, and there was this bit of time where you and christopher and steve were collecting these pieces from the past 10 or 12 years. and, of course, would've been 1600 bits. >> far too much. >> and he was completely agnostic about what we could get rid of our what we could complete, and you were less to spend i hated seeing all those pieces being thrown out. it was fine with him. >> it's astonishing to look back on the collection and think about the breadth of subjects he was interested in, and just how wide-ranging his work was. >> he would write, for example, for "vanity fair" he wrote the entire text to the "vanity fair" hollywood book not knowing who have these stars were until he read their bios. you would write about starlets, sit down at the last minute and then he would write a long essay on philip morgan or the chesterton that was mentioned which he wrote in the icu of the m.d. anderson hospital center. >> don't forget -- >> extraordinary range, or could be peachy white house or james bond. or hegel or marx. >> we should, not to be morbid, but we should talk about his courage, and the fact that his
to immigration. >> i was an immigration lawyer for 15 years, so as a conservative voice i understand what steve is saying, but i think we have to realize as republican party that we're never going to be a majority party if we don't figure out a way to reach to the hispanic, to reach the hispanic community. so we have defined what i call, and i been talking about this for two years but where to find a conservative consensus on immigration. we have to figure out how steve and i are going to sit and agree on a bill, and people at this table that will actually do something about a broken immigration system. one of the biggest things can service talk about often is that we want to fix a broken government. well, if you know anything about immigration law, the immigration system is absolutely broken in the united states. we need to get away that people can come to the united states to a legal system. we have to do something about border protection, i'm a big fan doing something with e-verify. all those things we have to do, but at the same time we have to forget what we pashtun we can't keep punting t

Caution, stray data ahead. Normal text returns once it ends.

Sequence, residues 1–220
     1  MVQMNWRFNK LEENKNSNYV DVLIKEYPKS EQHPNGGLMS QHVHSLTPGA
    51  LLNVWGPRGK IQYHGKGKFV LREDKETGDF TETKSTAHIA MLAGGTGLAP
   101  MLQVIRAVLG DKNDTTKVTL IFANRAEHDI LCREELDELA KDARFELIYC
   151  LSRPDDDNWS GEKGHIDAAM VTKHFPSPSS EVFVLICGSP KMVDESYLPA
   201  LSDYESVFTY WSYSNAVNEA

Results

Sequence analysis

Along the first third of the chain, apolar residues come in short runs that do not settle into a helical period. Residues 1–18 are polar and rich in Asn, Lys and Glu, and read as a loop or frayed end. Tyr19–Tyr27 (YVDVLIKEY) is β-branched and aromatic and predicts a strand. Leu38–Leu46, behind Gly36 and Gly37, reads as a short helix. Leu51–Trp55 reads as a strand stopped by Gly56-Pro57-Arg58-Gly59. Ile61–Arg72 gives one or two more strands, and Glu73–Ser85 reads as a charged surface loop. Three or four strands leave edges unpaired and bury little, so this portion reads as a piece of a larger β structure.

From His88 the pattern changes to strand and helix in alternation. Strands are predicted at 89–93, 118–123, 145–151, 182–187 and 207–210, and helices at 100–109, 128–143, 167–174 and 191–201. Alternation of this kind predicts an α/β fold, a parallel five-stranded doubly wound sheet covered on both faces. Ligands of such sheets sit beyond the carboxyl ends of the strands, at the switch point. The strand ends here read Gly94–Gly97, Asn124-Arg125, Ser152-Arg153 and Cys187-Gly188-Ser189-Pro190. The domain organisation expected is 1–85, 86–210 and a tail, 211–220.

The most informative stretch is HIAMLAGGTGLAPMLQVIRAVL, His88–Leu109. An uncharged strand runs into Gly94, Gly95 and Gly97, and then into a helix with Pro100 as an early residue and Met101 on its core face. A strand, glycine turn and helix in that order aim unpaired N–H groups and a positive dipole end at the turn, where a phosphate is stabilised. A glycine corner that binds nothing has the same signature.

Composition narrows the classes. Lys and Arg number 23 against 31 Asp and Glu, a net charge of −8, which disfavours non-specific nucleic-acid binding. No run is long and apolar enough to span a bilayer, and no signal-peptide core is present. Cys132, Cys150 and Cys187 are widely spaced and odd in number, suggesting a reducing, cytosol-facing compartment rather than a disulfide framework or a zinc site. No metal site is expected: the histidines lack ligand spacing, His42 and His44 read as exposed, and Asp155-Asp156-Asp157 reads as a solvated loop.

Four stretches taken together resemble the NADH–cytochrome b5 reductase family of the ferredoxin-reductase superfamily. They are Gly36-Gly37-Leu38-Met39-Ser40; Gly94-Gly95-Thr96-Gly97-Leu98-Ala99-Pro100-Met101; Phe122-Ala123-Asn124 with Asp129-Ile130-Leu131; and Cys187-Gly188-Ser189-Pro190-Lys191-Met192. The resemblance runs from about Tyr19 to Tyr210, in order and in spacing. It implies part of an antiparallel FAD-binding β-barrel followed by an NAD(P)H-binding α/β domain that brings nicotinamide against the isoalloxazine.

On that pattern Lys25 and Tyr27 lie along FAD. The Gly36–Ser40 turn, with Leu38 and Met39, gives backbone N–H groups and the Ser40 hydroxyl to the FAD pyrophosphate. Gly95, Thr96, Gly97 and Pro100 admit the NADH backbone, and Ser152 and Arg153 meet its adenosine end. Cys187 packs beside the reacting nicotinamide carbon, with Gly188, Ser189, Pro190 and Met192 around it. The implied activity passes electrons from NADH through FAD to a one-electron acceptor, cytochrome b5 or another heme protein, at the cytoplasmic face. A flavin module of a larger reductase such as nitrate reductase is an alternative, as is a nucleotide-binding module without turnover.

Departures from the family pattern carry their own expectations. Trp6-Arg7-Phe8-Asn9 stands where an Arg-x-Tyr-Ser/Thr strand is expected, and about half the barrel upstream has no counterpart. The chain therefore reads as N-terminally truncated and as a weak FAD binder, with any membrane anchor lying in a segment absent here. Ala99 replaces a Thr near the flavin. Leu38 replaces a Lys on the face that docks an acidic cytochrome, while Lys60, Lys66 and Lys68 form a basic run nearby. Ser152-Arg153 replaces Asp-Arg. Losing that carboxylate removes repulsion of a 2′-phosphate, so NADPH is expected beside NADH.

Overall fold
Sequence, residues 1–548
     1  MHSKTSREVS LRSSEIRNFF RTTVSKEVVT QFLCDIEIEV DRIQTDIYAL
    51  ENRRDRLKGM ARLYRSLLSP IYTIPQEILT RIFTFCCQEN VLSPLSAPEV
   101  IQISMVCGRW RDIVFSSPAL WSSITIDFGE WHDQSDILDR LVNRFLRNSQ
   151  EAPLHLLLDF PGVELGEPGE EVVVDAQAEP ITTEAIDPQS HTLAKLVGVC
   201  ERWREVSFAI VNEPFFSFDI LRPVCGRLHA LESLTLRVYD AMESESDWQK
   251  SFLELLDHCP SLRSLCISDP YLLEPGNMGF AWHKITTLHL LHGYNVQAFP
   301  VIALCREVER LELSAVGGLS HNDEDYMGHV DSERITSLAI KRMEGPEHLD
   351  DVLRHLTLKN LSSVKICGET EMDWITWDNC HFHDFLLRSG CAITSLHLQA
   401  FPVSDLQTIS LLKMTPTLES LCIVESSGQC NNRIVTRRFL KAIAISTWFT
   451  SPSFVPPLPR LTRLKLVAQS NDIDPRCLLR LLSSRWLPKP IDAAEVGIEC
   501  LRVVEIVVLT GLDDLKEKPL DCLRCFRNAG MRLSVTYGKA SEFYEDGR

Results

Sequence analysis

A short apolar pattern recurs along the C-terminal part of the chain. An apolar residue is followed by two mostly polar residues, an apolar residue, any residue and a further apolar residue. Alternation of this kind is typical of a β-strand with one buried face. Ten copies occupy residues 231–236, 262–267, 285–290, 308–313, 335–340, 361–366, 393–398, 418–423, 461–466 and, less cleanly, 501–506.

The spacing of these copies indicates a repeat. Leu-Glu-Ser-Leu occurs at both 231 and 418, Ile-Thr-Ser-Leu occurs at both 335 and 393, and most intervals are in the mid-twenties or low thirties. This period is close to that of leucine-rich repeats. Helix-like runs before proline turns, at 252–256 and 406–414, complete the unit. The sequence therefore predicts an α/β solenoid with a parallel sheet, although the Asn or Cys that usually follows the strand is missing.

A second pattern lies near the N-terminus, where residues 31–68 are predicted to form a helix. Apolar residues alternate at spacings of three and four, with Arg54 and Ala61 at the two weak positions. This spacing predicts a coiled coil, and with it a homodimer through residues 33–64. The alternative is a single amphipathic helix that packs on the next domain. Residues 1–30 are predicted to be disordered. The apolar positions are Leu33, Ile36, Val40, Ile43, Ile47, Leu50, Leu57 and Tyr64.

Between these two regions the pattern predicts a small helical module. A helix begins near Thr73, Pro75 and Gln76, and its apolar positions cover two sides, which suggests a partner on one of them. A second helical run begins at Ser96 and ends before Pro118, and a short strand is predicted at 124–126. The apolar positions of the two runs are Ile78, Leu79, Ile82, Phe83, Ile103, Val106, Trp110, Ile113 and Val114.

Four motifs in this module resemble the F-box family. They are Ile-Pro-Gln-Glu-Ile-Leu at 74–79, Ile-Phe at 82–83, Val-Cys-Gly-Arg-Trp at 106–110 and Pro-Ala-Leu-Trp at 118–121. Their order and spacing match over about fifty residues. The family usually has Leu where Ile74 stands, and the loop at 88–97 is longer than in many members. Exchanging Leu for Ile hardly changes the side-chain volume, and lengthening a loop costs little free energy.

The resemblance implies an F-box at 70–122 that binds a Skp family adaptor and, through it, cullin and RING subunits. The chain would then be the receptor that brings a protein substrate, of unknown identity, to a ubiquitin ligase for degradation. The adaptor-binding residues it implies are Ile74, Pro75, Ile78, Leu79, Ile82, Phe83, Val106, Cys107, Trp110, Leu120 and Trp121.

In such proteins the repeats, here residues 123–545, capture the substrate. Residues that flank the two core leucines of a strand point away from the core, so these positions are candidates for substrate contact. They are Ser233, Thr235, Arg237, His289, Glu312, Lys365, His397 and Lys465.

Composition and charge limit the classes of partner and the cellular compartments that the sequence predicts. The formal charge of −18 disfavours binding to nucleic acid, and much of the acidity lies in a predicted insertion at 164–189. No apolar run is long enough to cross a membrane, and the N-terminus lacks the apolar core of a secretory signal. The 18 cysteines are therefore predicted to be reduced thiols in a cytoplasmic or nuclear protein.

to love and em pa think that extends all boundaries. steve shinekin. [applause] the race to build and steal the world's most dangerous weapon. published by flash point, an imprint of roaring book press. a rivetting thriller of a book that tells the birth of a new age. to all these writers, thank you. thank you for your work. and thank you for what it will mean to young readers in our nation. this year's national award for young people literature goes to william alexander. ♪ [applause] ♪ >> we are proof that alternate universe exists. there has to be endanger takes the film. there's one a little further away. it was written bay author, i think it won it both times. there's -- and just another step sideways where we're standing "out of reach" it has to take it home for creating such substance out a wrenching absence. and this moment just a little step away from we're are. we're also being reminded of the devastating importance of narrative in "never fall down" and if we exclude that set of earth's already destroyed by the bomb, and instead consider the set that survives to the n